In partnership with the Automobile Club of Southern California’s Automotive Research Center, AAA tested self-parking features on five vehicles: a 2015 Lincoln MKC, a 2015 Mercedes-Benz ML400 4Matic, a 2015 Cadillac CTS-V Sport, a 2015 BMW i3 and a 2015 Jeep Cherokee Limited.

Compared to drivers that manually parallel parked with the aid of a standard back-up camera, AAA found:

  • Drivers using self-parking systems experienced 81 percent fewer curb strikes.
  • Self-parking systems parallel parked the vehicle using 47 percent fewer maneuvers, with some systems completing the task in as little as one maneuver.
  • Self-parking systems were able to park a vehicle 10 percent faster.
  • Self-parking systems were able to park 37 percent closer to the curb.

“AAA’s testing found that self-parking technology outperformed manual parking in number of curb strikes, number of maneuvers, speed and accuracy,” said Megan McKernan, manager of the Automobile Club of Southern California’s Automotive Research Center. “While Americans report feeling confident in their parallel parking abilities, this technology proves there is room for improvement.”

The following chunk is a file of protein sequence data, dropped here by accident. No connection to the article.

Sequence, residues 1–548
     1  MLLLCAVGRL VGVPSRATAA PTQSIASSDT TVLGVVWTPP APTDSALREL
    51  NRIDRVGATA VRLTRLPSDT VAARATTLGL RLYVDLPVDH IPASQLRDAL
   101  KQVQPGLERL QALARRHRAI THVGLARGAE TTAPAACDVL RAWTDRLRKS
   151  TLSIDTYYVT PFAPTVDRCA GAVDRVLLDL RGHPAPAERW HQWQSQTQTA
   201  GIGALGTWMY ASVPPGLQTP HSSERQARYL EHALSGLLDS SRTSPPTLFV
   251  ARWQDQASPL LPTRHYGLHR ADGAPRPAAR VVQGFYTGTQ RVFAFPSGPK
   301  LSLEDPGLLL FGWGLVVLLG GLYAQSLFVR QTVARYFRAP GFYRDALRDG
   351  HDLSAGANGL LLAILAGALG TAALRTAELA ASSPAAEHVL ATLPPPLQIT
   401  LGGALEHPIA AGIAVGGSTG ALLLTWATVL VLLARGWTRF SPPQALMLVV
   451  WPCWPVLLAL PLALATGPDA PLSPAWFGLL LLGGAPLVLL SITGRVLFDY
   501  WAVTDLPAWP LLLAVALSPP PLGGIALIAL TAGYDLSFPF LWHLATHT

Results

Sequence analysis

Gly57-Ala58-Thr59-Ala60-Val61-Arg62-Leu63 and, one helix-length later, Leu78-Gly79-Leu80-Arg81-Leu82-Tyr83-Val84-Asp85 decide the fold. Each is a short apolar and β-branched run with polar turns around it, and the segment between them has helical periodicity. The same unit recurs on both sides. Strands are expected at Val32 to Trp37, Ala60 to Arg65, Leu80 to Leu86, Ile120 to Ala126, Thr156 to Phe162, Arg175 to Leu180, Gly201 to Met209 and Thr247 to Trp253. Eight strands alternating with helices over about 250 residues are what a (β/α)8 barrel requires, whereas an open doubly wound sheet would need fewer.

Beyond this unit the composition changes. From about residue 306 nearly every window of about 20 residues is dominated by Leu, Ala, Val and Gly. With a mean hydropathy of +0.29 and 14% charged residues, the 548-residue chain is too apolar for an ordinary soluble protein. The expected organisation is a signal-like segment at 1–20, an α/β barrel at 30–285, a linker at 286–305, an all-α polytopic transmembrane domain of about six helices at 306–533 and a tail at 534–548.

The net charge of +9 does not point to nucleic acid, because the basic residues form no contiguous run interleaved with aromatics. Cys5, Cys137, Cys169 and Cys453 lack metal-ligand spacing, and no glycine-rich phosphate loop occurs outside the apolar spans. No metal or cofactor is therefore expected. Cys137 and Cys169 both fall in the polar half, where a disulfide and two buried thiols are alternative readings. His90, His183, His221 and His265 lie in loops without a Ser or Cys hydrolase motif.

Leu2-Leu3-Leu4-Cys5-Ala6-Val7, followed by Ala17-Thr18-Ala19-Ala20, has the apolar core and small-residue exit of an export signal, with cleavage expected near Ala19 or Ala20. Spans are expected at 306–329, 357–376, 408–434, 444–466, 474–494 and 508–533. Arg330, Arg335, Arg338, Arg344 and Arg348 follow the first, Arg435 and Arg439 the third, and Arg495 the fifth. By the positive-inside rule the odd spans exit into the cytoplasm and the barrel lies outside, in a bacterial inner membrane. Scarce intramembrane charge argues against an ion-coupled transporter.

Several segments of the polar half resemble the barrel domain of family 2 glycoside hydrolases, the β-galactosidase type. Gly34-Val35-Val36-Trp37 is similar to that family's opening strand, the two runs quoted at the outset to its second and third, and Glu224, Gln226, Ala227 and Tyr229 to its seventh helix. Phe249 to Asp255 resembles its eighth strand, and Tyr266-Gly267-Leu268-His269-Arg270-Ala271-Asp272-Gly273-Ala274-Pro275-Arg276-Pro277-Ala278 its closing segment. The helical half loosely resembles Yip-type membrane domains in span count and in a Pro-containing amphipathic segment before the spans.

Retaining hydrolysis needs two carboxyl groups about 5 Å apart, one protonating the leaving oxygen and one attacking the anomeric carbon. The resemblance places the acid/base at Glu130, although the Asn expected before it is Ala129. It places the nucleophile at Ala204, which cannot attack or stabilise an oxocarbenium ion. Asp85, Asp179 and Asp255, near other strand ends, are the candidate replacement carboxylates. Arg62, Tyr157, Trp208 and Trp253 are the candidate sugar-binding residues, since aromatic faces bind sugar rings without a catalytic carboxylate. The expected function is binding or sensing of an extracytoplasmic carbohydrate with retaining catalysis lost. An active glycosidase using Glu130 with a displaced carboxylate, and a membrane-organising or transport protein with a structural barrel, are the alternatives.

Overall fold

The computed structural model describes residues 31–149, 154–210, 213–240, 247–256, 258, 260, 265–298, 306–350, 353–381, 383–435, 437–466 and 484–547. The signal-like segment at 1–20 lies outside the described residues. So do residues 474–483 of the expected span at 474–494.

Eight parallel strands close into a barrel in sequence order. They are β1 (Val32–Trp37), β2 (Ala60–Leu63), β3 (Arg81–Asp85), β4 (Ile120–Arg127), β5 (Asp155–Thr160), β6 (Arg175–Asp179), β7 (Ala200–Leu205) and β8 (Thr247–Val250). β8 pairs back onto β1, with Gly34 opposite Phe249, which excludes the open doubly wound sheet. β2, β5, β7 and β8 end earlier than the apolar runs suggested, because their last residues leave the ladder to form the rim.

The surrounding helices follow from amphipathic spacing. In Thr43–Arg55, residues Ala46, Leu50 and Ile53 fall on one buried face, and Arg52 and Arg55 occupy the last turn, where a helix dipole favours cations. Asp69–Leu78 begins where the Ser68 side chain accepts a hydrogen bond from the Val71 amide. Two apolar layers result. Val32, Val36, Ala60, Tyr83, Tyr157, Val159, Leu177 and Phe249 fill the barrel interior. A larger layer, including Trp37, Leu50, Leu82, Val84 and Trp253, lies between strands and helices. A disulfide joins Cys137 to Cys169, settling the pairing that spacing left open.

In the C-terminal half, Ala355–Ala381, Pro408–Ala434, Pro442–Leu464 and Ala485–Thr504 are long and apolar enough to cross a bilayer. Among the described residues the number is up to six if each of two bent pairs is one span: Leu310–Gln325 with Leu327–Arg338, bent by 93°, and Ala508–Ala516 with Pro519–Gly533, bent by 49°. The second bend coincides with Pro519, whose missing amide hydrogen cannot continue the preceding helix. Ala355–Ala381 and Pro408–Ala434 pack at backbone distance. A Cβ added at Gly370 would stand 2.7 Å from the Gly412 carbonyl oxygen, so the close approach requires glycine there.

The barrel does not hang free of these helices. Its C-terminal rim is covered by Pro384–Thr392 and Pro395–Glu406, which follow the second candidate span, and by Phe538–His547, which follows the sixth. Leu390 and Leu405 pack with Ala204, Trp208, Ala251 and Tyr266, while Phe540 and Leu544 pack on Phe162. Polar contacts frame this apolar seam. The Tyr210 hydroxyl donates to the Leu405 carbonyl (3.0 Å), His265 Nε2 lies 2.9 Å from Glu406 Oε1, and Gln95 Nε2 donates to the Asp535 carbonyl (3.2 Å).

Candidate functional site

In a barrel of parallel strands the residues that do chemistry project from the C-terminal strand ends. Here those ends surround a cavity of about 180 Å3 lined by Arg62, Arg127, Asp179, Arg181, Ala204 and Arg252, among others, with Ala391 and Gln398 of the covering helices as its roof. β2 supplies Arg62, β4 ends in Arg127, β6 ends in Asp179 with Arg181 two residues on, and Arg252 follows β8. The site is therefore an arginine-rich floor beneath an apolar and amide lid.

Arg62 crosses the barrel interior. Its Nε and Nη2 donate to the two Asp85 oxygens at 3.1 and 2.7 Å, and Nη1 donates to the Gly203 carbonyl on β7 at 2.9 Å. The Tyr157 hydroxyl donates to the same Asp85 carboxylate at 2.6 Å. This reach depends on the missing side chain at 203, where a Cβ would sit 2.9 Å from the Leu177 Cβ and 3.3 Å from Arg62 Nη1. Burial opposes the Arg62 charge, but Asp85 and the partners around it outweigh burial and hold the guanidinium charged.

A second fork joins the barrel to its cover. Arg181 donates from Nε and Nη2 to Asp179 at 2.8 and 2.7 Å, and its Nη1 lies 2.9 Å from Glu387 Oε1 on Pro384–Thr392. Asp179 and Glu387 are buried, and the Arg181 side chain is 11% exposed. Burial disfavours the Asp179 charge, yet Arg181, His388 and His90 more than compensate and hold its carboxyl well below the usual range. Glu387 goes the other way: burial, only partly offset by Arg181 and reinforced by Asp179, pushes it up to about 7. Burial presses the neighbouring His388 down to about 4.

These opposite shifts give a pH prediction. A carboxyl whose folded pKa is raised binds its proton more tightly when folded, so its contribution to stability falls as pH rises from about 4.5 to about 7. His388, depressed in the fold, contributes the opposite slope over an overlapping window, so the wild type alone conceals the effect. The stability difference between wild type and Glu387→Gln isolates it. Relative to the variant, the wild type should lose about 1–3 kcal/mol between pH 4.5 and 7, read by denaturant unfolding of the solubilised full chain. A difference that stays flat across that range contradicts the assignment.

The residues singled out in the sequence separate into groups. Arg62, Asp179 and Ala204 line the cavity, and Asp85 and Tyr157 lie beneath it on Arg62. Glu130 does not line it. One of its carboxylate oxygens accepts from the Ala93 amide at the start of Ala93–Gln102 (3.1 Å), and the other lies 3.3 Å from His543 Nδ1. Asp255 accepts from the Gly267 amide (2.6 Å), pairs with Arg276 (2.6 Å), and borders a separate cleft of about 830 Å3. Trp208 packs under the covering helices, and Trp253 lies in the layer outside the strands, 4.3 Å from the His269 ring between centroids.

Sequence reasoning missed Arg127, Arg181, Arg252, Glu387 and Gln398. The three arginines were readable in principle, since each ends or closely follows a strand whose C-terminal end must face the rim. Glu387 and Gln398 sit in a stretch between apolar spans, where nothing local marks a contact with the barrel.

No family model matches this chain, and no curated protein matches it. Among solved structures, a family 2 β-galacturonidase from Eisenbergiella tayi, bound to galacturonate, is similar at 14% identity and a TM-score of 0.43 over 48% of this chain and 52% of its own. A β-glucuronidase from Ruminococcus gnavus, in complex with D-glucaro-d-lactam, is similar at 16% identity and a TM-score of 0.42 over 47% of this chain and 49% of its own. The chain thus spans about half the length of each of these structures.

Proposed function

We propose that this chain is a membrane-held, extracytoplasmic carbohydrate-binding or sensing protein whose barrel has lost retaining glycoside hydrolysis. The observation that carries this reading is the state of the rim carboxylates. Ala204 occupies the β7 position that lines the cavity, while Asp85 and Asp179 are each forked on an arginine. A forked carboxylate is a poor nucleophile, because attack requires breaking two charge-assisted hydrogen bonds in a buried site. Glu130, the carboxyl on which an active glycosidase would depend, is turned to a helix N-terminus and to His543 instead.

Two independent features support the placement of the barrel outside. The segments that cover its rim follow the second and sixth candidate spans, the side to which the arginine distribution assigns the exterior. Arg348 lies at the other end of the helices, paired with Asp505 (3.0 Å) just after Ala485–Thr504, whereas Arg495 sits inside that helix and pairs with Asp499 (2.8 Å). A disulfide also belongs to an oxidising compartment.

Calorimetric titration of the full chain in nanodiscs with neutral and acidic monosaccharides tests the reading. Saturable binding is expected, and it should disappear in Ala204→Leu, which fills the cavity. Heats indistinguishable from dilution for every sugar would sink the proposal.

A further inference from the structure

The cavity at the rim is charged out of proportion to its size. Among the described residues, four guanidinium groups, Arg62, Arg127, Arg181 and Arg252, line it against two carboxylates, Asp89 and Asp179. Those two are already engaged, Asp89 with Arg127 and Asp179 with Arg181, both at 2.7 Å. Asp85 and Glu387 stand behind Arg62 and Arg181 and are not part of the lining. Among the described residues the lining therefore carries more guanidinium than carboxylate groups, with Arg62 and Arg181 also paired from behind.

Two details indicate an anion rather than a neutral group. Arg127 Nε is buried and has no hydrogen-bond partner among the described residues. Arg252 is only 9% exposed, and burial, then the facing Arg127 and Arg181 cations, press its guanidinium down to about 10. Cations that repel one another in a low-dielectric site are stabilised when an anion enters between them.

While the tested self-parking systems performed well and parked quicker and more accurately than an unassisted driver, the technology is not without flaws.  AAA found that some systems parked the vehicles exceedingly close to the curb, leaving wheels and tires vulnerable to scratches and costly repairs.

“AAA recommends that drivers leave six-to-eight inches between the vehicle and the curb when parallel parking,” warned Nielsen. “With some systems leaving as little as a half-inch buffer, AAA urges automakers to increase this distance to prevent vehicle damage.”

To learn more about AAA’s vehicle testing series, designed to educate and inform AAA members, the automotive industry and the general public, visit NewsRoom.AAA.com.

As North America’s largest motoring and leisure travel organization, AAA provides more than 55 million members with travel, insurance, financial and automotive-related services. Since its founding in 1902, the not-for-profit, fully tax-paying AAA has been a leader and advocate for the safety and security of all travelers. AAA clubs can be visited on the Internet at AAA.com.

 

 

 

Self Parking Image Gallery

Podcasts

B-Roll

YouTube Videos

AAA Senior Driver Expos

NewsRoom Video Gallery

Media: Find and Download AAA Videos and B Roll.